Posted by: jgurner | January 9, 2011


I a few hours, if the weather voodoo men have read the signs correctly, snow will begin to fall.

Not just a little snow, but the biggest snow since 10 inches of the white stuff blanketed our part of the world in 1988. Between today and tomorrow, we can expect up to eight inches of snow. In some parts of the world, that much snow may seem like nothing, but here, it may as well be a blizzard. The snow I experienced in Chicago last year was more than eight inches and was no big deal. The streets were clean. The stores and schools were open. But, we’re just not equipped to deal with it here in Dixie.

Every time snow comes into the forecast, I can’t help but thinking back to all those times growing up when the “big snows” hit. It seemed to be much more frequent back then. I can remember several times in elementary school and high school where we got enough snow to keep us out of school for days. I remember when I was in the fourth grade, a day much like today where the skies were cloudy and the wind was cold. The rain started falling by nightfall and every 10 to 15 minutes, my brother and I would run out to the road in front of our house to see if ice had started to form. By bed time, there was still no joy.

The next morning, as soon as the daylight crept up enough to get a good look at the world, my father came and got us out of our nice, warm beds and showed us a world that, overnight, had turned into a pristine white blanket of snow. Looking out our front window, there was nothing to distinguish road from from yard. No buses would be running today, or for the entire week. We couldn’t get out of our pajamas and into our coats fast enough.

I honestly believe my father loved snow as much as we did. He’d spend the days loading us into the back of the old pickup and hauling us up to the top of the hill by our house so we could whiz down the ice-covered road on our sleds. Real wooden sleds. Flexible Flyers. The best.

The great thing about hill country is there are plenty of places for good sledding and we’d hit time all. The long hills, the short but fast slopes, the curvy roads, the hill that, if you weren’t careful, you might end up in the pond. All of them. Every couple of hours it was always back to the hour to warm up, dry off and grab something to eat. But, as soon as the gloves were dry, it was back out into the snow. Even after the sun went down, we still stayed out in it. The sleds may have retired for the day, but we were determined to wring every minute of fun out of the snow before it went away.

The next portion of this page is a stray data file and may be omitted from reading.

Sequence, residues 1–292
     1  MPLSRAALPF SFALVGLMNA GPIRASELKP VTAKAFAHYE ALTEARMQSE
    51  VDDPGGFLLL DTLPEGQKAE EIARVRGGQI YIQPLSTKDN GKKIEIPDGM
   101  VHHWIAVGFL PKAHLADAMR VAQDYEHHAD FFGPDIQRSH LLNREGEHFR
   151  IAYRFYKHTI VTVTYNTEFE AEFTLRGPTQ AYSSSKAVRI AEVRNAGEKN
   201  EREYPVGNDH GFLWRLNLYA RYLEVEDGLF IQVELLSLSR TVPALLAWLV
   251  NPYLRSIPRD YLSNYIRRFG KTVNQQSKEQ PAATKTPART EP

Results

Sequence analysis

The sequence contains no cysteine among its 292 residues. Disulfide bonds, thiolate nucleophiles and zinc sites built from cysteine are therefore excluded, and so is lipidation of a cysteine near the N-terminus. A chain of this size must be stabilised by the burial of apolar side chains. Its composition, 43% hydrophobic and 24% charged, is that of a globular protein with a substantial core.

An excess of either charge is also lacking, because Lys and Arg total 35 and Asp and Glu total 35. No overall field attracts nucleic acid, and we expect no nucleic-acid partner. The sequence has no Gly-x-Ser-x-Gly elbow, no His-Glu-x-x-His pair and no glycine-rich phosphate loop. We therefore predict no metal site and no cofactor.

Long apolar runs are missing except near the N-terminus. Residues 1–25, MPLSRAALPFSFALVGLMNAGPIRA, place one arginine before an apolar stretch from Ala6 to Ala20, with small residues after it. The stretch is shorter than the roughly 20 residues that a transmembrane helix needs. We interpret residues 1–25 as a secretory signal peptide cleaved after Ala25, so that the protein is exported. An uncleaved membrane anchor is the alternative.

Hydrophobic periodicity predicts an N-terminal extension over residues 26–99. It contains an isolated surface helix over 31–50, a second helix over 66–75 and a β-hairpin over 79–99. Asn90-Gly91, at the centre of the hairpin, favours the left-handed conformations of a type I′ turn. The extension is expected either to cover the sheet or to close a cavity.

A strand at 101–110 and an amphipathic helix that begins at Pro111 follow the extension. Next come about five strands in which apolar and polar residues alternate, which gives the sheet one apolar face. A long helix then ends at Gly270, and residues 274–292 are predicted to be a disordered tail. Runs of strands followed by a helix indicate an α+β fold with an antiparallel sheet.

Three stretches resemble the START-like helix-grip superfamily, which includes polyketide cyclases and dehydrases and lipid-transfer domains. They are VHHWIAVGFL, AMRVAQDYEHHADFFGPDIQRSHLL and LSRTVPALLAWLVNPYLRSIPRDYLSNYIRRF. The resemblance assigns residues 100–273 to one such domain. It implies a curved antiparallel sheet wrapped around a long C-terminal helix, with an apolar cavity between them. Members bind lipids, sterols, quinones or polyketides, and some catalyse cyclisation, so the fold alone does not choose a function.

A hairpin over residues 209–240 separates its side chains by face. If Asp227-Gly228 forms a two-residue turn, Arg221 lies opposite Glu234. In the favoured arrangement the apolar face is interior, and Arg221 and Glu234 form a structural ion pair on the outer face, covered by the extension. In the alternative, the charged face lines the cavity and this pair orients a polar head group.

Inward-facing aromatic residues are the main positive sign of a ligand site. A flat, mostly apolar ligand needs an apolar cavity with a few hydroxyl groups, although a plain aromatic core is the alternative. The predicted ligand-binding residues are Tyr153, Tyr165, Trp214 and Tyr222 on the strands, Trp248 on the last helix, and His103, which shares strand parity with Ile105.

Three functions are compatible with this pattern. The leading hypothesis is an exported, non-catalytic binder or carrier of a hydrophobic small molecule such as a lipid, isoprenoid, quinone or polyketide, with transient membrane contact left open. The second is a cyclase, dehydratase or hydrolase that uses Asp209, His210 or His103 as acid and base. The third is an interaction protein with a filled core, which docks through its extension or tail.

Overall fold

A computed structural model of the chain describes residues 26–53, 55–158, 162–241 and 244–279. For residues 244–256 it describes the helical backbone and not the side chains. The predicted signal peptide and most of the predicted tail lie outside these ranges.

Now, 30 some odd years later, and things a just a little different. While predicting the weather isn’t an exact science, it’s much, much better and, honestly, on a day like today, it takes a little fun out of things. Back then we knew snow as a distinct possibility, but when and how much were anyone’s guess. How long would it stay on the ground? Who knew. Today, the forecast tells me it will start about three p.m. and last until about 6 a.m. tomorrow and there will be between five and eight inches, which should stick around through Tuesday, maybe into Wednesday. Back in the day, you’d wake up early and tune in to WVLY AM (Lucky 13 Radio!) and wait anxiously for the announcement that school would be closed (if someone was actually able to make it to the radio station located outside of town.) Today, I have to decide, if it does snow as much as forecast, at what point do I close the library and I worry about not being able to be open for the public (and ignoring the fact that if it snows that much, no one will be able to make it to the library any way. We’re at the top of the tallest hill in town.)

Plus, the kid-like anticipation is tempered by the fact that, for the past couple of decades, just about every big snow has turned out to be a bust. There have been a few that have dropped an inch or two now and again. One, that started with a heavy sleet actually closed the newspaper office for a day. Of course, since I lived only three blocks away, I had to go in and work anyway.

But, even with the responsibilities now that weren’t there for a 10-year-old, I can’t help buy giving in to that anxious anticipation every now and again. And while I probably wouldn’t spend the entire day out in the snow, I still long to see that soft, deep, pristine white sheet cover the earth. To hear the silence that comes with the snow falling from the sky.

And who knows, if you drive by once it starts, you may see me stepping out the front door every once in a while and out to the road, just to check…


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